WASHINGTON, July 11, 2016 /PRNewswire-USNewswire/ -- A recent report by the Center for Immigration Studies reveals that the U.S. Department of Agriculture's Supplemental Nutritional Assistance Program (SNAP), which distributes what used to be called food stamps, provides benefits to families with an illegal alien (or other ineligible alien) wage earner in it, while denying benefits to an identical family comprised of only U.S. citizens.
Although two families may be identical in terms of income and family size, states have the option of including only part of the wages of an employed ineligible alien when calculating SNAP eligibility. Those states which do not count all the income of the ineligible aliens make it easier for a family with an illegal alien present to qualify for food stamps than for an identical all-citizen family. Ineligible aliens, in the food stamp program, are primarily illegal aliens and those green card holders who have been in that status for less than five years.
David North, a fellow with the Center and author of the report, said, "A bias exists against those here legally when calculating eligibility for food stamps. This overt bias, which most legislators are probably not even aware of, translates into an estimated 1.4 billion dollar cost to tax payers."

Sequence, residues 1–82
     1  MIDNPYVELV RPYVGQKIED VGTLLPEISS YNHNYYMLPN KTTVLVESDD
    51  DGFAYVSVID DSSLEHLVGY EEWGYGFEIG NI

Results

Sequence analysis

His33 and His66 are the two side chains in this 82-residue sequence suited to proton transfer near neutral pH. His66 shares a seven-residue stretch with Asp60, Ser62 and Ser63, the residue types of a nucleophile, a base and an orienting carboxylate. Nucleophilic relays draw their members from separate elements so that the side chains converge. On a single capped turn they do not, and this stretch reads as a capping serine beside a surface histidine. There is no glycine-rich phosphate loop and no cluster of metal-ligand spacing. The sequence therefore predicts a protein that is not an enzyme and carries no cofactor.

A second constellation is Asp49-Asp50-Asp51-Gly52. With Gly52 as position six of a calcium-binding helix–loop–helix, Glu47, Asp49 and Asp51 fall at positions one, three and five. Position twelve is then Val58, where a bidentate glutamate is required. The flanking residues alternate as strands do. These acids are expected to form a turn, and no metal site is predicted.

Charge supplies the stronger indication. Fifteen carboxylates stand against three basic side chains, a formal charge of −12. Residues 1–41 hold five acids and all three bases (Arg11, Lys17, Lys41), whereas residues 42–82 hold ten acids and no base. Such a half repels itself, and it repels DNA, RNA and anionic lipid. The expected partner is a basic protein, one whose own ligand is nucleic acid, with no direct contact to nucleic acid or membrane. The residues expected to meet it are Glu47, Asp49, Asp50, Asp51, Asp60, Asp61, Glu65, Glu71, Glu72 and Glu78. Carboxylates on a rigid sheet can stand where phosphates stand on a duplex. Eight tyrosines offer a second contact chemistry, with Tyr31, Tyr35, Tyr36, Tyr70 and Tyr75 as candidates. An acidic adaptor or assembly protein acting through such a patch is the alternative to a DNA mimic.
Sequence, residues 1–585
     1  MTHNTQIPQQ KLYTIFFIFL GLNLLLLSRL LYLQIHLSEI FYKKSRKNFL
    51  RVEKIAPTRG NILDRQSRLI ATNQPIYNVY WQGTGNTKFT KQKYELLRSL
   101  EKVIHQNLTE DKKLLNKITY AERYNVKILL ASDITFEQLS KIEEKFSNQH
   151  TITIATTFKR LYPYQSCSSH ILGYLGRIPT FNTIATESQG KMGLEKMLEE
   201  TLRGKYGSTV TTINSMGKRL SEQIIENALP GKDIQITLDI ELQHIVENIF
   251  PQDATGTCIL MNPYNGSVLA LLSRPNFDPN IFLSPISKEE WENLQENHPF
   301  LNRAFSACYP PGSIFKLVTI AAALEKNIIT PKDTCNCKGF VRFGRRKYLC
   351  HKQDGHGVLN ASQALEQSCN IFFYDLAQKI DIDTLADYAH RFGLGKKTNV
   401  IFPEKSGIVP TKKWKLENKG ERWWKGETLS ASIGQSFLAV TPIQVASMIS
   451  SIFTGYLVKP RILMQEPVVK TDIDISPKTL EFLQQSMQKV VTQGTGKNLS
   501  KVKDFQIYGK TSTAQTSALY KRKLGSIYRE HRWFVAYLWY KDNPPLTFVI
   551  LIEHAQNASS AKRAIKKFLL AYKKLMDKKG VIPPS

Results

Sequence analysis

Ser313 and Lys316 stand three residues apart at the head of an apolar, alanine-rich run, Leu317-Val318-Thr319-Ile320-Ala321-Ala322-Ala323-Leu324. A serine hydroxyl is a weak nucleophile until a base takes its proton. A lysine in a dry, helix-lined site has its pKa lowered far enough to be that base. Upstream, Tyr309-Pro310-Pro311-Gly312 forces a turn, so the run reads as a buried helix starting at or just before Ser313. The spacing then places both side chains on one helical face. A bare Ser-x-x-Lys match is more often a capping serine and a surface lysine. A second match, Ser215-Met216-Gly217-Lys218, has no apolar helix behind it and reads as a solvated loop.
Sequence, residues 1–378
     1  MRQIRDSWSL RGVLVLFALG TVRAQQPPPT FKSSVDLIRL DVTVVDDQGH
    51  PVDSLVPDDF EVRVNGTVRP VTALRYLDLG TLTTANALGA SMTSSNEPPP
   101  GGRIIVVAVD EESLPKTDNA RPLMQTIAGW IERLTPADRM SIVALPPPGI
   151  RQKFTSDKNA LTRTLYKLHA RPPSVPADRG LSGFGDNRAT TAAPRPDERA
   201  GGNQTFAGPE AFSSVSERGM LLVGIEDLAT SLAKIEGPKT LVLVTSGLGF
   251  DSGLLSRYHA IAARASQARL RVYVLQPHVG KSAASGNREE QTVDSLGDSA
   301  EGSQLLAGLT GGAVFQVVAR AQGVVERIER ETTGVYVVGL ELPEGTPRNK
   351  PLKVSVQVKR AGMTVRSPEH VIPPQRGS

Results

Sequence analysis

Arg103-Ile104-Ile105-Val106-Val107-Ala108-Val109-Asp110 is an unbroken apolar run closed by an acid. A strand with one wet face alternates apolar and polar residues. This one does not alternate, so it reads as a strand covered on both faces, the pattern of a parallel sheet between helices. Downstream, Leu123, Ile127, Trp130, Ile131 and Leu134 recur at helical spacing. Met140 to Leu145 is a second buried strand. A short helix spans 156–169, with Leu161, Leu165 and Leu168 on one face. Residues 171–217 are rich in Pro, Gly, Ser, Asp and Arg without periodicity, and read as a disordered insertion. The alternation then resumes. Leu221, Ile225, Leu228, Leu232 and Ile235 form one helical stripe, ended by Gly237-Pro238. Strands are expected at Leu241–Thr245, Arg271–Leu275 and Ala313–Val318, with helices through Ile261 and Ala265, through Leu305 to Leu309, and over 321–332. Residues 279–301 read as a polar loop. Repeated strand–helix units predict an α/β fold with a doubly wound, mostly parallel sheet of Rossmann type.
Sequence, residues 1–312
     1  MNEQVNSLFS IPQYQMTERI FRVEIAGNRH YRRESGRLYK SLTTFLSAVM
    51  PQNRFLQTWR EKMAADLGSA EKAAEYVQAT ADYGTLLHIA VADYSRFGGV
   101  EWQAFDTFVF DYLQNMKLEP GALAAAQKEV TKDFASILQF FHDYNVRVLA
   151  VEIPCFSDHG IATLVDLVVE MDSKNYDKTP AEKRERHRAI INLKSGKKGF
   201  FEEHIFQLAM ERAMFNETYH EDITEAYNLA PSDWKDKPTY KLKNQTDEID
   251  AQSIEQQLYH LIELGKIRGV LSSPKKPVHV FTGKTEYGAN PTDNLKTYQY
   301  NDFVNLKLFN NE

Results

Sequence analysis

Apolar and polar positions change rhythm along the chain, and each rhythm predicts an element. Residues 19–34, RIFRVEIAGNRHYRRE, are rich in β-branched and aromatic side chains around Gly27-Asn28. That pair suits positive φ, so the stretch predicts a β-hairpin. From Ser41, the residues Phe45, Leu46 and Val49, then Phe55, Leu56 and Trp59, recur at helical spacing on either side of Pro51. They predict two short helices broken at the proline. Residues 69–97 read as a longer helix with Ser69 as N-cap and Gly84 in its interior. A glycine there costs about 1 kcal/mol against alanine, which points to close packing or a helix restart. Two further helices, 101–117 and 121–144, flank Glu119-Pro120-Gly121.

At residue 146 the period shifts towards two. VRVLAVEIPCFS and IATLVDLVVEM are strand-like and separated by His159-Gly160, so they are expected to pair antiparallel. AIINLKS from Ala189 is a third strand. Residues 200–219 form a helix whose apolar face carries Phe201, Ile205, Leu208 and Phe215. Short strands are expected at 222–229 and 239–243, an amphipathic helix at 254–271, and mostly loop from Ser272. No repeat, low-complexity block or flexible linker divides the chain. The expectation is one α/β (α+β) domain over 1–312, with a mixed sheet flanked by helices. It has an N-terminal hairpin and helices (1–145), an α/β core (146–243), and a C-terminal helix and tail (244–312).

View the entire report at: http://cis.org/An-Aid-Program-that-Routinely-Discriminates-in-Favor-of-Ineligible-Aliens
Only six states or territories show no bias and include all family income: Arizona, Guam, Massachusetts, New Mexico, North Carolina, and Utah.
The majority of states employ a "proration" policy posture, meaning families including an employed ineligible alien can secure food stamps when an all-citizen family of the same size and with the same income would be denied the benefits. States are not incentivized to change their proration policy as the federal government pays for SNAP, not the state governments.
The proration formula is inherently unfair to the citizen family, and it also comes with a price tag. The Center calculated the cost of this proration policy and found that well over one billion dollars was being unnecessarily spent.
Contact: Marguerite Telford
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SOURCE Center for Immigration Studies